While it is a hard topic to think about, talking about death (let alone planning for it), is the last thing many of us want to do! Nevertheless, planning for what happens after you pass away is the ultimate act of thoughtfulness and kindness that your loved ones will forever thank you for. Executing a Last Will and Testament now, especially if you are a member of the LGBTQ+ community, will inevitably help those you love after you pass away.

What is a Last Will and Testament?

A Last Will and Testament is a legal, binding document that allows you to control how your estate, which includes your personal property (tangible belongings and money) and your real property (land and everything that is permanently attached to the land), is distributed upon your passing. Essentially, a Last Will and Testament allows you to determine “who gets what” and who is in charge of distributing your “stuff” after you pass away. 

Why Execute a Last Will and Testament?

No matter who you are and how much money you have, a Last Will and Testament is not something you should wait to execute; tomorrow is never guaranteed. Without having executed a Last Will and Testament, your wishes for after you pass away will be irrelevant, and the government will distribute your property regardless of your intent. 

Without having executed a Last Will and Testament, upon your death, your estate will be distributed according to your state’s specific laws. Your family will have absolutely no say in who gets your assets, how much a person is to get, and who is chosen to distribute it. On top of it all, the answer to what will happen to your estate may be delayed in court proceedings for years and years, leaving your loved ones with nothing but stress and aggravation.

Executing a Last Will and Testament will leave your family with no questions regarding your estate once you pass. In your Last Will and Testament, you will have outlined your exact wishes for your assets, and even for your children, which will allow your family to grieve without having to worry about (or fight about) anything else. With a Last Will and Testament, you take the power away from the state in determining what is to happen once you are gone! 

What sort of things should I include in my Last Will and Testament?

In your Last Will and Testament, you must include an executor (otherwise known as a “personal representative”). This is the person you have chosen to distribute your estate once you have passed. This person does not need to be someone that you are leaving anything to, but they should be a person you trust will follow the instructions you have laid out.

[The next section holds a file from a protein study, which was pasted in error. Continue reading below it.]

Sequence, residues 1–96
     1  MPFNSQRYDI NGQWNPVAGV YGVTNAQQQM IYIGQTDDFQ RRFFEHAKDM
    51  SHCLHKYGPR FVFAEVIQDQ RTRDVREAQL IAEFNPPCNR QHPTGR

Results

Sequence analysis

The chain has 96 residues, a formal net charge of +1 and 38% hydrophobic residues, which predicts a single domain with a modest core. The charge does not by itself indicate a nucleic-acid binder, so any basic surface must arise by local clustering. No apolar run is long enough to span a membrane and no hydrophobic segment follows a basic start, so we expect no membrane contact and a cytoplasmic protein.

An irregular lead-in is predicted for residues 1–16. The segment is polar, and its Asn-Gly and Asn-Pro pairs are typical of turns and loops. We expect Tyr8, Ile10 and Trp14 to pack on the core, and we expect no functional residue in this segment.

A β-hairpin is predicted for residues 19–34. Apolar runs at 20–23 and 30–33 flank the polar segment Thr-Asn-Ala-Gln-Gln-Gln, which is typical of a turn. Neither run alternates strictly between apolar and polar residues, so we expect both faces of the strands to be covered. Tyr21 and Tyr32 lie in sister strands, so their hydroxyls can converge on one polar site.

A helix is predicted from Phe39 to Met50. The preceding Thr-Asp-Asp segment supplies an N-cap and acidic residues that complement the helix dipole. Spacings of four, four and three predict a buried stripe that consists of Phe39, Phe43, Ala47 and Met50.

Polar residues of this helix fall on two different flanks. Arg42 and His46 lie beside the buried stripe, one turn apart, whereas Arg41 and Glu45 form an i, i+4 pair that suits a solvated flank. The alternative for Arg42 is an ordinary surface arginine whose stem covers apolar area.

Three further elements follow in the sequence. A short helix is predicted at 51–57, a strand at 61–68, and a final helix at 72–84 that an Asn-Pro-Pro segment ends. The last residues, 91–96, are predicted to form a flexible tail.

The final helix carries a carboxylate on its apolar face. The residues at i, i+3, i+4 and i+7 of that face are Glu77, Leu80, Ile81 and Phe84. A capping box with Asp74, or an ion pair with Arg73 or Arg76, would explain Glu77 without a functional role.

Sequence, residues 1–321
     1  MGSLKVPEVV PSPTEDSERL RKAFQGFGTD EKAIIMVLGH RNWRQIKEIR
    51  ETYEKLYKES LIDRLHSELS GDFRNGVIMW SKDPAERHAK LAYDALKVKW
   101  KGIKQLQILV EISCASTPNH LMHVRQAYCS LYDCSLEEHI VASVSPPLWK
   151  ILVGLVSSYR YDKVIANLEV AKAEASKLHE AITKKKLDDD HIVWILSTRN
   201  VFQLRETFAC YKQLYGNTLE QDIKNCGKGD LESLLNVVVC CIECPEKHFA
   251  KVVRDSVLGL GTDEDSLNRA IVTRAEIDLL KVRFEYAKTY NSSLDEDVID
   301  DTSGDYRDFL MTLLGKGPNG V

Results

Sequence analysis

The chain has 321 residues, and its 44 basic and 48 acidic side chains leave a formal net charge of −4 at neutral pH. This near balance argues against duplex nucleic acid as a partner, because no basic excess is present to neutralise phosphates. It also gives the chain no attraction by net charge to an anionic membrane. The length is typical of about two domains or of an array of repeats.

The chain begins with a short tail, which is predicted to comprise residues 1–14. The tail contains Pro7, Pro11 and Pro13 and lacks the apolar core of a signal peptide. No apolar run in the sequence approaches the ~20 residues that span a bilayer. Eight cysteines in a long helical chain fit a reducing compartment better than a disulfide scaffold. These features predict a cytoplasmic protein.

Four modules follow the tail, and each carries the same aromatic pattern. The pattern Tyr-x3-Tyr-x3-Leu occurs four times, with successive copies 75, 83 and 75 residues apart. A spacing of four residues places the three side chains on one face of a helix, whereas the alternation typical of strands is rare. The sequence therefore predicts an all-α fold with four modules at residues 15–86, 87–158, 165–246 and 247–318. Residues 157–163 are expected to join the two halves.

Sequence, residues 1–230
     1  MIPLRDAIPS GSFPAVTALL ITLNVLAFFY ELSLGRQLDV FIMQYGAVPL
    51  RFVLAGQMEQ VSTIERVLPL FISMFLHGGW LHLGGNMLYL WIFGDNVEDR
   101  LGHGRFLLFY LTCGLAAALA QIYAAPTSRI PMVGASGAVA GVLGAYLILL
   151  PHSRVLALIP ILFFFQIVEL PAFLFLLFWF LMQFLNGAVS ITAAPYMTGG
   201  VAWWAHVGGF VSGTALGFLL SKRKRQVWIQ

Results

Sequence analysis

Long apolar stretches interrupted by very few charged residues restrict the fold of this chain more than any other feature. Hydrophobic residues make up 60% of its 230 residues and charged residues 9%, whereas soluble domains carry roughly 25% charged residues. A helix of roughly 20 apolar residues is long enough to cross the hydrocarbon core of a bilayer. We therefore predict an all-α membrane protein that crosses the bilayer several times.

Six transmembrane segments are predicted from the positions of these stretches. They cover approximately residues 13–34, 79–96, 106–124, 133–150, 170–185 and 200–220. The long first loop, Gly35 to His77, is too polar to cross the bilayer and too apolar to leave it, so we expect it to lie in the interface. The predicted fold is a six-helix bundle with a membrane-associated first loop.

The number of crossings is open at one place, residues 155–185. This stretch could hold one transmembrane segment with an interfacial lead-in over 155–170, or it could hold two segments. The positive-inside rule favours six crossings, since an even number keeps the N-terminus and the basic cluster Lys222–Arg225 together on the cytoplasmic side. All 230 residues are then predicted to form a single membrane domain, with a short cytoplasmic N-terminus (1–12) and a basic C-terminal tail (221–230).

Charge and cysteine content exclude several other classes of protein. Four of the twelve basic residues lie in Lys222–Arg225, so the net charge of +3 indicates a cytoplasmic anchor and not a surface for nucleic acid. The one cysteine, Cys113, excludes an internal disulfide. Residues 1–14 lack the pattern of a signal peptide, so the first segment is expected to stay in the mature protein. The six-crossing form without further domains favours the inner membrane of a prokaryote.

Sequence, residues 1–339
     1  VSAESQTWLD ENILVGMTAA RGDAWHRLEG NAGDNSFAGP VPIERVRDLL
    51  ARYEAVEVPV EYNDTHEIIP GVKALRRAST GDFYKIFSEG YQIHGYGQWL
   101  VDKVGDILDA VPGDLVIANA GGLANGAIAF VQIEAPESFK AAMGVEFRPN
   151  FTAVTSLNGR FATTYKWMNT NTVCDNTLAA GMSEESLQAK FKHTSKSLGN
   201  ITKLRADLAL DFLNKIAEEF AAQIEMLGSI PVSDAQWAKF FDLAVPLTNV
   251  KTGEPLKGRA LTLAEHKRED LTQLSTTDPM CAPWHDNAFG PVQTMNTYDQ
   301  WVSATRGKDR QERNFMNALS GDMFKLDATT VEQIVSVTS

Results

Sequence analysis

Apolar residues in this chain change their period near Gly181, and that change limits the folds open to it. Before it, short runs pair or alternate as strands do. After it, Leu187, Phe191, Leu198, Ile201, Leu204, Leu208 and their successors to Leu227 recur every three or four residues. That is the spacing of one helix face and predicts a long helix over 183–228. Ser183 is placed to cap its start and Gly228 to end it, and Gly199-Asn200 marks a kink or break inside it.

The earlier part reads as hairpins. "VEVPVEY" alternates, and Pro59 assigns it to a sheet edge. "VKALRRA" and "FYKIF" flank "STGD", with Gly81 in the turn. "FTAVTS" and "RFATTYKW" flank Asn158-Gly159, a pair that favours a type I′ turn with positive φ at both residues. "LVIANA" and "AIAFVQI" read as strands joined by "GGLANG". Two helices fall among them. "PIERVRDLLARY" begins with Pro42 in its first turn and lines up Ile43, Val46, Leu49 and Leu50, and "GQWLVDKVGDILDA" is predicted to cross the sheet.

You will also explain exactly how you would like your estate to be distributed once you pass. This can be as specific (i.e., “I leave my 2019 Honda Accord to my sister and my engagement ring to my friend, Ashley Smith, upon my death”) or as general (i.e., “I leave my entire estate to my spouse”) as you want. This is the perfect way to ensure that you have a voice, and that your wishes are met, even after you have passed.

  

If you have children, it is also important to include a guardian provision in your Last Will and Testament. This provision states exactly who you would like to have guardianship of your child(ren) once you pass away. A lot of parents may believe they are fully protected without this provision—they are each the legal parent of the child(ren) so when one parent passes away, the other parent will still have custody, right? Unfortunately, the law has a funny way of changing and having a reputation for being untrustworthy, so the extra guardianship provision serves as an extra layer of protection for you and your children.

If I am a member of the LGBTQ+ community, should I execute a Last Will and Testament?

While it is important for all individuals to execute a Last Will and Testament, it is arguably even more important for those in the LGBTQ+ community. 

As mentioned above, without a Last Will and Testament, your estate will inevitably pass through the intestacy laws of your state. Notably, each state has different intestacy laws and without a Last Will and Testament the distribution of your estate in one state may look vastly different than the distribution of your estate in another. 

Leaving fate in the hands of the laws of the state is something that most of us in the LGBTQ+ community do not love to do willingly. After all, the law does not always protect us. In fact, the law sometimes does just the opposite. Consequently, for the LGBTQ+ community, executing a Last Will and Testament is the extra layer of protection needed to ensure that your wishes are met after you pass away, no matter who you love!

Read more estate planning tips here.

About the Author: 

Jaemie R. Fasanello is an associate attorney with the Law Offices of Mark R. Scialdone, who practices family and probate law in Massachusetts. Jaemie focuses her practice on LGBTQ+ family and probate law, as well as estate planning. When she is not working, Jaemie loves spending time with her fiancée, Taylor, and their two cats!